Use this URL to cite or link to this record in EThOS: https://ethos.bl.uk/OrderDetails.do?uin=uk.bl.ethos.730552
Title: The architecture of rights
Author: Frydrych, David
ISNI:       0000 0004 6498 1733
Awarding Body: University of Oxford
Current Institution: University of Oxford
Date of Award: 2015
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Abstract:
This thesis concerns the various concepts of rights and philosophical accounts of them. Chapter 1 addresses some methodological issues affecting analytic legal philosophy and the philosophy of rights. Chapter 2 distinguishes between two kinds of philosophical accounts of rights: models and theories. Models outline the 'conceptually basic' types of rights, their differences, and their relationships with other kinds of 'normative positions' (e.g., duties, liabilities, etc.). Theories of rights serve two roles: first, to posit a supposed ultimate purpose for all rights; second, to provide criteria for determining what counts as 'a right' in the first place. The chapter also criticises both monistic models (ones positing only a single basic kind) for being under-inclusive and a subset of pluralistic ones (those positing several basic kinds) as over-inclusive. Chapter 3 clarifies the concepts of rights exercise, enforcement, remedying, and vindication. Chapter 4 explains the Interest-Will Theories of rights debate, while Chapter 5 argues that its constituents are irredeemably flawed, unnecessary, and under-inclusive. Chapter 6 further analyses the concept of rights enforceability, showing why legal rights are not invariably enforceable by legal powers. It then explains why wholly unenforceable legal rights nonetheless constitute 'imperfect' or defective cases. Chapter 7 argues there are more ways to enforce legal rights than just via powers, elucidating two such modes: legal rights can generally be claimed or invoked using legal liberties in private and social circumstances. While Chapter 8 shows why it might not always be possible to make liberty-based claims or invocations of right, it also provides reasons for thinking that legal rights that cannot be enforced in these ways are also imperfect.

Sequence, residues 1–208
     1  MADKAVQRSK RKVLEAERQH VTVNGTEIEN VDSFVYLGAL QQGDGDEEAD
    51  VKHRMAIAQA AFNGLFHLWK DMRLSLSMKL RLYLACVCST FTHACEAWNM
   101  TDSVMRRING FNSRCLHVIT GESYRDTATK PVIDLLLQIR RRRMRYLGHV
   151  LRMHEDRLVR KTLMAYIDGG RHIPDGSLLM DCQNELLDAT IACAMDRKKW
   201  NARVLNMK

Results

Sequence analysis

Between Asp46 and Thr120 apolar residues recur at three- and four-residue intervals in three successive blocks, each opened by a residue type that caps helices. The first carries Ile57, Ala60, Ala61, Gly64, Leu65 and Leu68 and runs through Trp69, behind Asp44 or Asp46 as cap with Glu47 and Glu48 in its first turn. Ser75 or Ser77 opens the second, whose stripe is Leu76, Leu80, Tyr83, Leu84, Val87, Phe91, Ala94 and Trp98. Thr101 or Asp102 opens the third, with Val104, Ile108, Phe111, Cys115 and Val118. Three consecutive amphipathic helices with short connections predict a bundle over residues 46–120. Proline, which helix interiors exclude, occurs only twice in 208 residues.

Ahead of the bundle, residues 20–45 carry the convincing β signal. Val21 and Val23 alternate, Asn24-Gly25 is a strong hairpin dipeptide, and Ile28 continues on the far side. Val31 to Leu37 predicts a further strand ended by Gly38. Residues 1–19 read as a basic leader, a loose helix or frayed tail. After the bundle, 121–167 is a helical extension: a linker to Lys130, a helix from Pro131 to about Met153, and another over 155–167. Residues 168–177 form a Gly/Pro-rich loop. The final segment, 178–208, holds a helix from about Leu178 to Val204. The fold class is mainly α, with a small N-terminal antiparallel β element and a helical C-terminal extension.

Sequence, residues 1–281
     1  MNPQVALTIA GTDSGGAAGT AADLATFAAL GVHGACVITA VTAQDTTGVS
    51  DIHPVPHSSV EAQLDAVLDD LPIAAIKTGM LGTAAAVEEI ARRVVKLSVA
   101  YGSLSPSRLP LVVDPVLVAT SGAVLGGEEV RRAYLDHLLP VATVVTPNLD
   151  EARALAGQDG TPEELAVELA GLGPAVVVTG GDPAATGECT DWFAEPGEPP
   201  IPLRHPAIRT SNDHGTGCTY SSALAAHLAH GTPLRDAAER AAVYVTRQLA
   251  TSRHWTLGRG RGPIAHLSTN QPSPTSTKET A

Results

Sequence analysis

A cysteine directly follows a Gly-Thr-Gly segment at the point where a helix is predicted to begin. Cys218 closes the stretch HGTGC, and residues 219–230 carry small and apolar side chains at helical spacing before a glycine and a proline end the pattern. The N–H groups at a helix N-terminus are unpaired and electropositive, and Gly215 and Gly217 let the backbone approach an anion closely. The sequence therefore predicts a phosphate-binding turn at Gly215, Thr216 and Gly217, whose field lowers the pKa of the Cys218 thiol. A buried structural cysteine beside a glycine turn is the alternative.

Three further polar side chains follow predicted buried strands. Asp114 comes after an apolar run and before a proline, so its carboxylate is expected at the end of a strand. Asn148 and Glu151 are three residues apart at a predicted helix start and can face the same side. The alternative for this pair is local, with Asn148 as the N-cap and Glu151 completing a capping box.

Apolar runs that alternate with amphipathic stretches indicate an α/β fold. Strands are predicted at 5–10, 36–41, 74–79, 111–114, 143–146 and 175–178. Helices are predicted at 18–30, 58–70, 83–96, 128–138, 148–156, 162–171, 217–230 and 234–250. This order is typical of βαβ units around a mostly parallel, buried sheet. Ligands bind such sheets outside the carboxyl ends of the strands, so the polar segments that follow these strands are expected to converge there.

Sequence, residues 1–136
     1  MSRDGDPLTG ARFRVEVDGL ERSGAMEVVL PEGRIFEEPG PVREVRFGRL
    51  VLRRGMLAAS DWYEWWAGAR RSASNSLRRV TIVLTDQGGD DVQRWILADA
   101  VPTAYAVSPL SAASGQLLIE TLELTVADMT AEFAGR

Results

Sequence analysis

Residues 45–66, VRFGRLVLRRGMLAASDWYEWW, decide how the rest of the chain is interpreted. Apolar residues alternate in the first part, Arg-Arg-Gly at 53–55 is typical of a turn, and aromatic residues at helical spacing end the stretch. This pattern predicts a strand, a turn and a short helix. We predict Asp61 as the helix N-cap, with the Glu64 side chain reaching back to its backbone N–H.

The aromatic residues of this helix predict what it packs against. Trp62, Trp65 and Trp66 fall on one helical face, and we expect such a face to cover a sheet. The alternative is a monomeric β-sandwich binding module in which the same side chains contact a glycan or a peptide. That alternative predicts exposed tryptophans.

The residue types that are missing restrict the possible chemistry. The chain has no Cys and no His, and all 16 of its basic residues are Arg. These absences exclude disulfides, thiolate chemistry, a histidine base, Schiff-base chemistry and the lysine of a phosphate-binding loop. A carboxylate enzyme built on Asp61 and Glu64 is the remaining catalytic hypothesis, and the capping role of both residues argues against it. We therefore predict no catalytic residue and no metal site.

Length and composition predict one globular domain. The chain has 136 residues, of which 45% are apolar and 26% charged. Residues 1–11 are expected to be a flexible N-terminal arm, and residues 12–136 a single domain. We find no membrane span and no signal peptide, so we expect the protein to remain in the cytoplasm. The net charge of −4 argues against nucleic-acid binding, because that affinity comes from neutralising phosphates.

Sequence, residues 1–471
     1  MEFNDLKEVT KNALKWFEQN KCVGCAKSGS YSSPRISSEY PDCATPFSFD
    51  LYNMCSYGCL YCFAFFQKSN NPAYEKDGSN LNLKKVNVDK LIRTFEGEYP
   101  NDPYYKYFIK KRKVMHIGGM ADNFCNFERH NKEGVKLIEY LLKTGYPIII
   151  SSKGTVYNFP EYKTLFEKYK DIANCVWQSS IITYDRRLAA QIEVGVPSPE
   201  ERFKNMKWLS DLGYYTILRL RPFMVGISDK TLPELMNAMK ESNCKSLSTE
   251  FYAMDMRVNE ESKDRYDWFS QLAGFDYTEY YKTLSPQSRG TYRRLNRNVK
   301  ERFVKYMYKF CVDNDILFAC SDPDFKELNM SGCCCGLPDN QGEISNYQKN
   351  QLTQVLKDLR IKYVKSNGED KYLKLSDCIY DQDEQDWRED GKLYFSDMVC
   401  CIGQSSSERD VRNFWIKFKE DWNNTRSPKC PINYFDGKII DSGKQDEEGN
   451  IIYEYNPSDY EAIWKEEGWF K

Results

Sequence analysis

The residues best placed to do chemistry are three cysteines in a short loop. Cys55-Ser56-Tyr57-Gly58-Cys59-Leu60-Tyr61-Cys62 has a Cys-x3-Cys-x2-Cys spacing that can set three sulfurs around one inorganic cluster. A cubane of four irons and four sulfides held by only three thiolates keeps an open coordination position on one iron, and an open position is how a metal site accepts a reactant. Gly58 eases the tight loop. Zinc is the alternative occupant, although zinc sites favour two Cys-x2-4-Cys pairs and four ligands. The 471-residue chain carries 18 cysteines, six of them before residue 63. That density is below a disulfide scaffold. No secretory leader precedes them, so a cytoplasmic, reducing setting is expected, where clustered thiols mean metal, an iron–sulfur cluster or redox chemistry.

Supervisor: Eleftheriadis, Pavlos Sponsor: Not available
Qualification Name: Thesis (Ph.D.) Qualification Level: Doctoral
EThOS ID: uk.bl.ethos.730552  DOI: Not available
Keywords: Legal Philosophy ; Jurisprudence ; Philosophy of Law ; Rights ; Philosophy of Rights ; Hohfeld
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